There’s a lot of money in San Francisco, but there isn’t much cash. Smartphone cases that hold a driver’s license and a credit card are popular. Traditional wallets that hold paper money are almost unnecessary. It’s premature to call the wallet a relic, but it’s losing its practical value.
There’s an El Salvadorian restaurant in my neighborhood that only accepts cash. They have a small ATM in the corner that charges $2.50 per transaction. When I withdraw funds, I sometimes take out more than I need on a whim. Like reading a newspaper in a waiting room, taking out cash is a novelty. A novelty covered in germs.
Clean isn’t the word I would use to describe my smartphone either, but it has so many apps. It empowers me to trade Bitcoin, manage my 401(k) and reimburse friends. It only makes sense that I should exclusively make purchases with my phone.
Every transaction is tracked. Every calculation is immediate. All it takes is a tap or two. Even if I have to wait for funds to transfer, there is an accurate record of my current balance and what’s pending. It took banks and other financial companies awhile to get this right, but it’s reliable now.
Last year, Visa ran a promotional campaign to encourage small businesses to go cashless. They rewarded a limited number of food service owners with $10,000 each. They’re also providing POS (point of sale) terminals for smart device transactions at the 2018 World Cup.
A cynic would highlight Visa’s desire to increase transaction fees, but it’s worth looking past their self-interest. If you accept the premise that cash is going away, it’s good business to reward cashless establishments. Visa is a welcome catalyst in this inevitable transition.
Visa made a promotional video for its cashless program. In it, the owner of 2nd City says its a generational preference. “We attract a younger Millennial crowd and no one really carries cash anymore, so it’s really not an issue. They like the speed and efficiency of it. I like the marketing aspect of it.”
Visa isn’t the first company to push for a cashless future. NFC (near-field communication), a technology that allows consumers to pay with their smartphones, is commonplace now. A few years ago, Square launched an exciting, but now defunct app, called Square Wallet.
It allowed a customer to walk into a coffee shop without pulling out their wallet or their phone. Their smartphone would connect to the Wi-Fi automatically, as it still does today. Their face would pop up on an iPad at the counter. The barista would select the customer based on their profile picture when they ordered. That’s all there was to it.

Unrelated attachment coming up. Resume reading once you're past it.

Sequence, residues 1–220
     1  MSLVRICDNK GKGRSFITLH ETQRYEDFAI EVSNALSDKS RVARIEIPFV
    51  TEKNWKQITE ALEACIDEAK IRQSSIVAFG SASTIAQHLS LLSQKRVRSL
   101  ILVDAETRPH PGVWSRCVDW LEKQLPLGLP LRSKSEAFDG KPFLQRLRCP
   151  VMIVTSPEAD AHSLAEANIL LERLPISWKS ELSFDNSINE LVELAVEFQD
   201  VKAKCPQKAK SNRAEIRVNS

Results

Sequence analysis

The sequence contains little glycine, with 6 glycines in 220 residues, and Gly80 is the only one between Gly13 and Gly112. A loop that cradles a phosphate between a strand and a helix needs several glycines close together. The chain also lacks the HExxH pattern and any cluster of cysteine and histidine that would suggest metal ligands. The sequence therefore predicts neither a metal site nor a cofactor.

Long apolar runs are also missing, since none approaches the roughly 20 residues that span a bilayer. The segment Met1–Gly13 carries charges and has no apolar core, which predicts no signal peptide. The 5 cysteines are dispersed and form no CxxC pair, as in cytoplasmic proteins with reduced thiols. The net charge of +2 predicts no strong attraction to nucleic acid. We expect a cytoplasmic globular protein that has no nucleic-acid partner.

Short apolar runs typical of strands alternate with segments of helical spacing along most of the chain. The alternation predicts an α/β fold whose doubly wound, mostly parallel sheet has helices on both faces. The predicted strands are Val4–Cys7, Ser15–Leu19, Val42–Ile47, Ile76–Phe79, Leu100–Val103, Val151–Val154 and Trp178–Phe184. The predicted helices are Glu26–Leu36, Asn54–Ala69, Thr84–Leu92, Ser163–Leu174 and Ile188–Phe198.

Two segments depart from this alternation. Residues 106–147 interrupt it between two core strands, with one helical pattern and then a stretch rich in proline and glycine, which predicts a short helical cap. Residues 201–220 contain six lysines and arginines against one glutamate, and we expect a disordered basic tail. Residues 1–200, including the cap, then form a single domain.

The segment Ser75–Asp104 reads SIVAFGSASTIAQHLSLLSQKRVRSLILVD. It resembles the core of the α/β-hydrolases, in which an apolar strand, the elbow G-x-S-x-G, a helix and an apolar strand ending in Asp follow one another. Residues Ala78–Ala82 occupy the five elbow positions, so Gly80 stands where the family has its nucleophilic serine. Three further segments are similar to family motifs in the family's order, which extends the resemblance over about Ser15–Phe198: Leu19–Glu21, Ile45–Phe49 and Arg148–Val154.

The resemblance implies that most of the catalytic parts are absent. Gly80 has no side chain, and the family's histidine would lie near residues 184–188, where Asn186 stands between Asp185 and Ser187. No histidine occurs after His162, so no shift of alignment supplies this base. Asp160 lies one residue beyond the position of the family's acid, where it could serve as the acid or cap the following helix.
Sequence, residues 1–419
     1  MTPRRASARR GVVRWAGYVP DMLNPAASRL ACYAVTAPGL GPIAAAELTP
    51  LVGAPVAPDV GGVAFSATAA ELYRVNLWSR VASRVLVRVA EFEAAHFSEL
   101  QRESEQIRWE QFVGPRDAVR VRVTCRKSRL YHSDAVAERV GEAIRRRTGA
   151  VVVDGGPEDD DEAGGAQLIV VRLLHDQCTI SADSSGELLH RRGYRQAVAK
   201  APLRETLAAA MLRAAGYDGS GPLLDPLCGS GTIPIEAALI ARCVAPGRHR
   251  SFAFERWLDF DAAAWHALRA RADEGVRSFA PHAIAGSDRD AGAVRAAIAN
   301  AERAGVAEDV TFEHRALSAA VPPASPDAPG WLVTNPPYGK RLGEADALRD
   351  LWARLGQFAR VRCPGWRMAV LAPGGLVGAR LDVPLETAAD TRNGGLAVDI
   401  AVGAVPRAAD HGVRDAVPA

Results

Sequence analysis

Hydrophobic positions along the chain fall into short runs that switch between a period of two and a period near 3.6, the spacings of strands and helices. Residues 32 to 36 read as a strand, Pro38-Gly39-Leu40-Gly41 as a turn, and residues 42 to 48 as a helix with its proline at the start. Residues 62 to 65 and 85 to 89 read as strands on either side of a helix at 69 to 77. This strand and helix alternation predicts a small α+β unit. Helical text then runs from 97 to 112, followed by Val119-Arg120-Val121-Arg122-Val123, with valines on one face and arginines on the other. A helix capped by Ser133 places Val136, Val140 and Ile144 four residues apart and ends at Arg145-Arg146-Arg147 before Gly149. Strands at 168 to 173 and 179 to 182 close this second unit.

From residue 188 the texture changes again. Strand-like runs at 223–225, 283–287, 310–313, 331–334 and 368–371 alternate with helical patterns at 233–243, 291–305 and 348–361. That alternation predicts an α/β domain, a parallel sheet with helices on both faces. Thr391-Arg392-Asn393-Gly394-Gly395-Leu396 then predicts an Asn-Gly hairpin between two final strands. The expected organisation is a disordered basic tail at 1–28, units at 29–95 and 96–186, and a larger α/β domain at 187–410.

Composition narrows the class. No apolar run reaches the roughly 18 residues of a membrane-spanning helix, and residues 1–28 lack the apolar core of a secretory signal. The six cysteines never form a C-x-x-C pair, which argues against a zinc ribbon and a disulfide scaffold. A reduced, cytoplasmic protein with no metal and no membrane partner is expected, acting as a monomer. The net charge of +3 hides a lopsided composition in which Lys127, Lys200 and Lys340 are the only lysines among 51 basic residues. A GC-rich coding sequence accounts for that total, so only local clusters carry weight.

No exchange of filthy cash. No careful alignment of sensors. Square Wallet was a throwback to the olden days when a small town shop owner knew their customers well.
As Jack Dorsey described it, “It’s like opening a tab with the entire city.” Square Wallet leapfrogged the need to hold your phone up to a sensor. As part of a larger partnership, Starbucks offered the app as a payment option. While Square Wallet never took off, aspects of its user experience live on in newer apps.
Merchants like digital payments because they save time. They’re easier to calculate, split, transfer and track. The owner of 2nd City estimates that a manager spends 23 hours a week on cash. It takes time to run to the bank, balance the register and make change.
Those costs start to justify Visa’s transaction fees. They burden small businesses, but the customers benefit from the expense. No one likes to stand behind someone waiting for exact change.
Cashless is safer too. If you’re closing a bar at 2 A.M. in the morning, a register full of cash makes you a target for a robbery. Just as Uber drivers are safer than taxi drivers that accept cash, cashless bars are safer.
Credit and debit cards also make travel simpler. No traveler’s cheques, no currency exchanges. All it takes is a Visa or Mastercard to cover your costs.
The significant loss in a cashless future is culture. Paper money and coins are important artifacts. While unfortunate, national identity is already fading in this corporate, globalized world. The future is cashless. We ought to complete the transition faster so we can reap the benefits today.